Indonesian Army completes “virginity tests” on female recruits

(Balikpapan) The Indonesian army has put an end to the “virginity tests” of the women it has recruited, said chief of staff Andika Perkasa on Thursday after NGOs called for an end to this “painful and degrading” practice.

Posted on 08/12/2021 at 9:23 am

“It used to be part of the assessment (for female recruits), but we don’t do it anymore,” he told reporters in Balikpapan, a town in the Indonesian part of Borneo Island.

“The military is always trying to learn and improve,” he added.

The military authorities have long assured that the “two-finger tests” were necessary to check whether the recruits’ hymen were intact, in order to exclude candidates whose sexual behavior they believed could endanger the image of the army.

However, the World Health Organization (WHO) assures us that these tests have no scientific value and do not allow us to determine with certainty whether a woman has already had sex.

These invasive tests, which could also be carried out on fiancés of soldiers before marriage, have also been completed, said the chief of staff.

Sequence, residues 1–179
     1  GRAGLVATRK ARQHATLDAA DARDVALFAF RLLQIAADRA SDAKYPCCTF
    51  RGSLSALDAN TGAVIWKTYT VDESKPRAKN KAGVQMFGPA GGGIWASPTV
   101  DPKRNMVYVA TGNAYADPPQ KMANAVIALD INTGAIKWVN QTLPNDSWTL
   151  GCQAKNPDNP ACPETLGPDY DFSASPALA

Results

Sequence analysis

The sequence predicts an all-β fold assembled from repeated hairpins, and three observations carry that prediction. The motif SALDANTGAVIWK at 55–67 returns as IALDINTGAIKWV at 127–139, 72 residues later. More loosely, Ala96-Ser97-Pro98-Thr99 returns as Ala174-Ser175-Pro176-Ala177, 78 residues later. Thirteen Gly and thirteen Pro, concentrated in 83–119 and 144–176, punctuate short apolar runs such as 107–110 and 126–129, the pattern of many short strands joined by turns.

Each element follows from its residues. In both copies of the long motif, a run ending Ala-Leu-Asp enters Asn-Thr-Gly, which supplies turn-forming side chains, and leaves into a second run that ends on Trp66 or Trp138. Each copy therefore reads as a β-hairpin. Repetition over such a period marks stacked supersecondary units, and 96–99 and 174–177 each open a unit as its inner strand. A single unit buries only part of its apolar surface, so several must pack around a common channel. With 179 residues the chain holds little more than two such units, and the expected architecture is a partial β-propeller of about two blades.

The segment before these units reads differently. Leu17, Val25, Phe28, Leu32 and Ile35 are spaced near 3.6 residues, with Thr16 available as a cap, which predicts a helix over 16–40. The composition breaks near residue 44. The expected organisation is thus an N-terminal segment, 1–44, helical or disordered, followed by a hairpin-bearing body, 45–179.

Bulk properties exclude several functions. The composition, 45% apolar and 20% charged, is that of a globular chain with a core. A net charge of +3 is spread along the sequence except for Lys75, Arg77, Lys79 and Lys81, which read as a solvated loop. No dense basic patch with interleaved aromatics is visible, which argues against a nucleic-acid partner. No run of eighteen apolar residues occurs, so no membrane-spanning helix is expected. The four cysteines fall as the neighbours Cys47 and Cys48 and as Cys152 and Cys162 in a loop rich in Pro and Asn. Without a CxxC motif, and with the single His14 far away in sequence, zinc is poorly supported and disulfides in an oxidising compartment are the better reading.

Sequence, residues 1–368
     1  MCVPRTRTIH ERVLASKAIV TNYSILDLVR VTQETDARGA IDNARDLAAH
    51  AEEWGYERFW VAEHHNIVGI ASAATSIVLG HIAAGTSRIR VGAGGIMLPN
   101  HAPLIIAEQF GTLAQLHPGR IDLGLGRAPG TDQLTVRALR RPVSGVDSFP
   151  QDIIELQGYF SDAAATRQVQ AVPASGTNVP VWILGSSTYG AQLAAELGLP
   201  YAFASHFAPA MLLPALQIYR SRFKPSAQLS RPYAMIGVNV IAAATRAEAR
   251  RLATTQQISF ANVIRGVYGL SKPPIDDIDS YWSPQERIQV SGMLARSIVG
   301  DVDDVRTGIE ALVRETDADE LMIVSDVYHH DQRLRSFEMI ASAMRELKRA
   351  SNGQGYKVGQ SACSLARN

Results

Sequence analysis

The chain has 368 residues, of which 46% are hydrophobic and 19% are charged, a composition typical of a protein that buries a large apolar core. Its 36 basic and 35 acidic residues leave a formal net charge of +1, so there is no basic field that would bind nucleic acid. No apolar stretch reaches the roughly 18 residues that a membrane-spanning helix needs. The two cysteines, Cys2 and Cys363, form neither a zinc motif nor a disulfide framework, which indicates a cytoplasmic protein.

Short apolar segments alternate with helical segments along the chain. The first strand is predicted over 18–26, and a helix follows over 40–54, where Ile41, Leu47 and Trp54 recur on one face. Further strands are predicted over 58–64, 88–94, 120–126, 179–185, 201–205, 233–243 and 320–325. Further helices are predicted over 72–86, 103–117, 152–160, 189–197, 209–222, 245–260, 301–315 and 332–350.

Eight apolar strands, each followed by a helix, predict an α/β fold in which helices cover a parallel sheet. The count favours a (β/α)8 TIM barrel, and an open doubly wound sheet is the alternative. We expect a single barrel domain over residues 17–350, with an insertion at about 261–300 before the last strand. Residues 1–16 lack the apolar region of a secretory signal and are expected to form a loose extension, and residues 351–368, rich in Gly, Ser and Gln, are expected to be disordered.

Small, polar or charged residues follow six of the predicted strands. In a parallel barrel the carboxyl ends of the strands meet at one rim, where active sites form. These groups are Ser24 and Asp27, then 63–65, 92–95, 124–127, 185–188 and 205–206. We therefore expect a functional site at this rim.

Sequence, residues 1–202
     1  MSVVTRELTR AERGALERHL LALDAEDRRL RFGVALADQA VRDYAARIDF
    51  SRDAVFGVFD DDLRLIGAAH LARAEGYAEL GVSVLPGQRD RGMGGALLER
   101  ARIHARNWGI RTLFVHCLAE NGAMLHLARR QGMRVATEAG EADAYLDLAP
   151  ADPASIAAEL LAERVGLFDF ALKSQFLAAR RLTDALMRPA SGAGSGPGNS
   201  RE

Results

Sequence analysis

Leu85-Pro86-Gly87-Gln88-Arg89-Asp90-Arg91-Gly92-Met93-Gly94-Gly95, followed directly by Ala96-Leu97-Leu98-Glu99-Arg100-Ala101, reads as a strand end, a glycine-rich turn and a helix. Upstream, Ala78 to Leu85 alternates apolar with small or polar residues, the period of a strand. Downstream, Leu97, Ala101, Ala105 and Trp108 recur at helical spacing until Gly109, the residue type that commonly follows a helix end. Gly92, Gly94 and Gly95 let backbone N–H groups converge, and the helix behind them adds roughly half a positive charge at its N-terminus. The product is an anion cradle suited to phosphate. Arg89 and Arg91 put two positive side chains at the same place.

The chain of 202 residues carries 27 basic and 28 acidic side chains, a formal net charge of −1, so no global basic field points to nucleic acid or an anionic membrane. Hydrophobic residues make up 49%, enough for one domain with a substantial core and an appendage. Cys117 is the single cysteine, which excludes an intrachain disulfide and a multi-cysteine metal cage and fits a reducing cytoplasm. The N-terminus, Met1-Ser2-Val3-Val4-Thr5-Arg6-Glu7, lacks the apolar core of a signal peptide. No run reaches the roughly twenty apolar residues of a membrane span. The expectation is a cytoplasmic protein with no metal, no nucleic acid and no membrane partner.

The National Commission on Violence Against Women welcomed the announcement, but called on the military to issue written regulations on the issue and the Navy and Air Force to follow suit.

“We have to ensure that ‘virginity tests’ are abolished,” said Theresia Iswarini, head of the commission, on Thursday.

“This test is discriminatory and intrusive. It can cause victims to feel shame, fear, and trauma.

The NGO Human Rights Watch, which has denounced this practice for several years, also welcomed this change.

“Virginity tests are a form of gender-based violence and a highly criticized practice,” noted the NGO, which notes that “all Indonesian army agencies have been using them for decades to test female recruits.”

A petition on Change.org denouncing a “painful, humiliating and unscientific basis” practice has garnered around 70,000 signatures.

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